It’s just a bunch of dirt now. The bleachers, the field, the concession stand, the locker rooms, even the name – they’re all gone.
In fact, everything is gone, except, of course, the memories.
Where Baynard Stadium once stood there now stands … nothing. The old place has been completely torn down and the rebuilding process hasn’t started yet, and all we’re left with for now is lots of dirt and empty space.
For the first time in almost a century, there is no Baynard Stadium in Wilmington.
Eventually, that empty space will become the finest sports stadium in the state, not counting colleges. It will have amenities old, tired Baynard Stadium could never dream of, and it will have a brand, new name, too.
When completed, it will be called Abessinio Stadium, after the man, Rocco Abessinio, whose money has made the new facility possible – just as Baynard Stadium was named after its main financier, Samuel H. Baynard, back in 1922.
For now, however, there’s just that dirt.
Gone are the metal bleachers where generations of sports fans – mostly Salesianum School football fans – sweated and shivered for decades. Renovations were done in 1956 and 1972, but they were never really comfortable and eventually some of them were even condemned.
Gone is the press box where the late, great Bill Pfeiffer sat and broadcast hundreds of Sallies games over the WDEL airwaves. That was back in the days when you couldn’t stream the games and had to listen to them on the radio – AM radio, at that.
Gone is the concession stand that served soggy hot dogs and bland pizza and lukewarm soda, and gone are the cramped, dank, concrete rooms where teams met at halftime while the fans ate those hot dogs and that pizza and drank those sodas.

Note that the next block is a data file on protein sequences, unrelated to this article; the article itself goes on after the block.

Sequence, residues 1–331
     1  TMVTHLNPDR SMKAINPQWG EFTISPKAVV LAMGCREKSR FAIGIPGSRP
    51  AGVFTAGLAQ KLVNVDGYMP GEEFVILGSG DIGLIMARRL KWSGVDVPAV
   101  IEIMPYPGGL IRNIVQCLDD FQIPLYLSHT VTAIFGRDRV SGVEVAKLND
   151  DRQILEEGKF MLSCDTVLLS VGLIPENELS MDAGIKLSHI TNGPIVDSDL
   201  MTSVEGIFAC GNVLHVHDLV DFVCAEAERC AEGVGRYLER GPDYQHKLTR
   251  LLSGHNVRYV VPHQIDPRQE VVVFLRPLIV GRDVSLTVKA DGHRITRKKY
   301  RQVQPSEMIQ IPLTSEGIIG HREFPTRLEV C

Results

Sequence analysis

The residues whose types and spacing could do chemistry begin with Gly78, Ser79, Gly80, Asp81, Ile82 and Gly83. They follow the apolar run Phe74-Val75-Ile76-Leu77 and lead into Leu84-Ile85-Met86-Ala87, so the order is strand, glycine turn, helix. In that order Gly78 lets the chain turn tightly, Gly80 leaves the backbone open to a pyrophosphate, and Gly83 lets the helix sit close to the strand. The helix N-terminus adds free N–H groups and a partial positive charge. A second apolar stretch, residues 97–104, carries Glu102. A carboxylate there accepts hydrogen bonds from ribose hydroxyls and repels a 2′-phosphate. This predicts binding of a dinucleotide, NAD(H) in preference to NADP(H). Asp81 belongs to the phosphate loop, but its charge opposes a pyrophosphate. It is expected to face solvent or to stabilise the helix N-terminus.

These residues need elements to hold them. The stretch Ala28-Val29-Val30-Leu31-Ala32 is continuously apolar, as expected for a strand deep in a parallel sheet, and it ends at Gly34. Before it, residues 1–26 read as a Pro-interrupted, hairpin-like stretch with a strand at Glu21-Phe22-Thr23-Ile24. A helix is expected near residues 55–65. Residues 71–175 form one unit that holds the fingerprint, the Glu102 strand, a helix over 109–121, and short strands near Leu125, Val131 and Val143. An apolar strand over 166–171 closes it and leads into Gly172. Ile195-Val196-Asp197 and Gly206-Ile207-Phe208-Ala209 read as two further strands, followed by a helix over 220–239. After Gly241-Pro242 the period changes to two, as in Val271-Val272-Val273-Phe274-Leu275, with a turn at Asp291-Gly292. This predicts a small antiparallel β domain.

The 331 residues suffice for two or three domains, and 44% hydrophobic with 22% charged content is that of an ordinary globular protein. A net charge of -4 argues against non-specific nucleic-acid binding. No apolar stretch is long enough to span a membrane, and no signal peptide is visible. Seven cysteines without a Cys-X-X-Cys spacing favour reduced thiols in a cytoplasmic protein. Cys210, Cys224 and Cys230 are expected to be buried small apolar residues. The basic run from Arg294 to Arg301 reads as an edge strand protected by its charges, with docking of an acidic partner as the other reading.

Ah, the good old days. For countless residents of New Castle County – past and present — Baynard Stadium was a priceless gem that served the community and almost everyone has good memories of the place, even while acknowledging its shortcomings.
My memories started when I was a kid in grade school and my father would take me and my brothers to Salesianum games – three generations of my family have played football for the Sals – and I remember those high school kids looked like real men to me. They even looked like they shaved.
Of course, most of my time was spent playing under the bleachers and watching neighborhood kids sneak in through the hole in the fence behind the press box. I would even stand watch for them and let them know when the coast was clear so they could scoot through the hole and under the bleachers, where no adult would dare go.
The other highlight was that awful concession stand — I couldn’t wait until halftime so I could run over there and buy bad food that, to a kid at a football game, tasted heavenly.
And, of course, there was the football, and in those days Salesianum, coached by the legendary Dim Montero, almost always won.
So, yeah, Baynard Stadium was a special place for me, just as it’s been for so many of you. The new place will be nicer, but it won’t be better.